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Environ Res. 2018 Nov;167:144-159. doi: 10.1016/j.envres.2018.07.008. Epub 2018 Jul 5.

Ambient air pollution and pregnancy outcomes: A comprehensive review and identification of environmental public health challenges.

Author information

1
National institute of Public Health, Trubarjeva 2, 1000 Ljubljana, Slovenia. Electronic address: petra.klepac@nijz.si.
2
University of Ljubljana, Faculty of Pharmacy, Aškerčeva 7, 1000 Ljubljana, Slovenia. Electronic address: igor.locatelli@ffa.uni-lj.si.
3
Department of Obstetrics and Gynecology, Reproductive Unit, University Medical Centre Ljubljana, Zaloška 3, 1525 Ljubljana, Slovenia. Electronic address: sara_korosec@hotmail.com.
4
Swiss Tropical and Public Health Institute (SwissTPH), Socinstrasse 57, 4002 Basel, Switzerland; University of Basel, Petersplatz 1, 4001 Basel, Switzerland. Electronic address: nino.kuenzli@swisstph.ch.
5
National institute of Public Health, Trubarjeva 2, 1000 Ljubljana, Slovenia; University of Ljubljana, Faculty of Medicine, Vrazov trg 2, 1000 Ljubljana, Slovenia. Electronic address: andreja.kukec@mf.uni-lj.si.

Abstract

There is a growing number of studies on the association between ambient air pollution and adverse pregnancy outcomes, but their results have been inconsistent. Consequently, a comprehensive review of this research area is needed. There was a wide variability in studied pregnancy outcomes, observed gestational windows of exposure, observed ambient air pollutants, applied exposure assessment methods and statistical analysis methods Gestational duration, preterm birth, (low) birth weight, and small for gestational age/intrauterine growth restriction were most commonly investigated pregnancy outcomes. Gestational windows of exposure typically included were whole pregnancy period, 1st, 2nd, 3rd trimester, first and last gestational months. Preterm birth was the outcome most extensively studied across various gestational windows, especially at the beginning and at the end of pregnancy. Particulate matter, nitrogen dioxide, ozone, and carbon monoxide were the most commonly used markers of ambient air pollution. Continuous monitoring data were frequently combined with spatially more precisely modelled estimates of exposure. Exposure to particulate matter and ozone over the entire pregnancy was significantly associated with higher risk for preterm birth: the pooled effect estimates were 1.09 (1.03-1.16) per 10 μg/m3 increase in particulate matter with an aerodynamic diameter of 10 µm or less (PM10),1.24 (1.08-1.41) per 10 μg/m3 increase in particulate matter with an aerodynamic diameter of 2.5 µm or less (PM2.5), and 1.03 (1.01-1.04) per 10 ppb increase in ozone. For pregnancy outcomes other than PTB, ranges of observed effect estimates were reported due to smaller number of studies included in each gestational window of exposure. Further research is needed to link the routine pregnancy outcome data with spatially and temporally resolved ambient air pollution data, while adjusting for commonly defined confounders. Methods for assessing exposure to mixtures of pollutants, indoor air pollution exposure, and various other environmental exposures, need to be developed.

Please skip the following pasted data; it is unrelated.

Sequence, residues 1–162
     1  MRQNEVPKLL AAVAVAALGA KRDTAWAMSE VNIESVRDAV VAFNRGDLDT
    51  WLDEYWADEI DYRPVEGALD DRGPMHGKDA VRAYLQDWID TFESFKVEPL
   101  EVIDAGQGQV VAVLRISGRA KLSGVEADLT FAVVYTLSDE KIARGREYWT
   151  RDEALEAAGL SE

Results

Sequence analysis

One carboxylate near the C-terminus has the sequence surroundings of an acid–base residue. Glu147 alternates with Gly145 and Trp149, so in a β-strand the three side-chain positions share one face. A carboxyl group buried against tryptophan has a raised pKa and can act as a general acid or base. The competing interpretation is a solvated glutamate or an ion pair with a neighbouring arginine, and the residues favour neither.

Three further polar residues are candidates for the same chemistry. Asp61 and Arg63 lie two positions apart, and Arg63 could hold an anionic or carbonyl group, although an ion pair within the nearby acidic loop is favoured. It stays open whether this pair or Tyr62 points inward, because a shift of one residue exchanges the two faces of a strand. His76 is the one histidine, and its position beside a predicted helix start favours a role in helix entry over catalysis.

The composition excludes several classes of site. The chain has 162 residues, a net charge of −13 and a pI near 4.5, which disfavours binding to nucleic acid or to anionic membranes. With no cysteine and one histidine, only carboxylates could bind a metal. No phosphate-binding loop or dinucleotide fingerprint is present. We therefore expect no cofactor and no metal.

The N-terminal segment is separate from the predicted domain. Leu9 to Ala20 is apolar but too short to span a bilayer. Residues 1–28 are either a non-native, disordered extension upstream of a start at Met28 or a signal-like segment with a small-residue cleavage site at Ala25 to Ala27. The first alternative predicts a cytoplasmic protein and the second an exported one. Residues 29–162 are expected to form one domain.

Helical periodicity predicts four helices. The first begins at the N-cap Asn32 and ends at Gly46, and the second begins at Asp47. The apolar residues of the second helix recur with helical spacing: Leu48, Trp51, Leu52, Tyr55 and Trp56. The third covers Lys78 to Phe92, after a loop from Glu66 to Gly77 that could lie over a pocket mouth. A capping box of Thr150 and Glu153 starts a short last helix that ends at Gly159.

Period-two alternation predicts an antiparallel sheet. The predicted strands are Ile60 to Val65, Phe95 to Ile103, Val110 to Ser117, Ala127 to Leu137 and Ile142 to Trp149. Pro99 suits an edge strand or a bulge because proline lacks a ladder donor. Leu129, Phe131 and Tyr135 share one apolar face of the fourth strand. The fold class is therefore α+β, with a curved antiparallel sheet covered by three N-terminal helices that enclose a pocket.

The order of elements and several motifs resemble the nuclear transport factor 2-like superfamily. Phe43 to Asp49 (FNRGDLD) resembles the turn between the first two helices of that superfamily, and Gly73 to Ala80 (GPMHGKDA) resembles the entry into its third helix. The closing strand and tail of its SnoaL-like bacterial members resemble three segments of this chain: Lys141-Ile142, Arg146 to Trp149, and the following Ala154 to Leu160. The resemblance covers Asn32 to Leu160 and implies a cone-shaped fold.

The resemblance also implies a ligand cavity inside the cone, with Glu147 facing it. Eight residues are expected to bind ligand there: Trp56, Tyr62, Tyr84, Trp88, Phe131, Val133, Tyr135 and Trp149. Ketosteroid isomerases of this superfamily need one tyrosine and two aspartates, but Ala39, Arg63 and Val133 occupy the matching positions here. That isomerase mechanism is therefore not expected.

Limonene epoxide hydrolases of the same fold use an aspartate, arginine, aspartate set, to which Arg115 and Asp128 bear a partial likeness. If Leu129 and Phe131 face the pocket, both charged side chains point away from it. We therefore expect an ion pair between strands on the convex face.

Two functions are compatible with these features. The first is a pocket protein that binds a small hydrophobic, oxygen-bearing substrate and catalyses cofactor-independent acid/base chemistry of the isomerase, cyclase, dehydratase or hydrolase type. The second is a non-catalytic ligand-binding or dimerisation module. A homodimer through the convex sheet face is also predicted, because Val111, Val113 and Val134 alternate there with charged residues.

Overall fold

KEYWORDS:

Ambient air pollution; Identification of public health challenges; Pregnancy outcomes

PMID:
30014896
DOI:
10.1016/j.envres.2018.07.008
[Indexed for MEDLINE]

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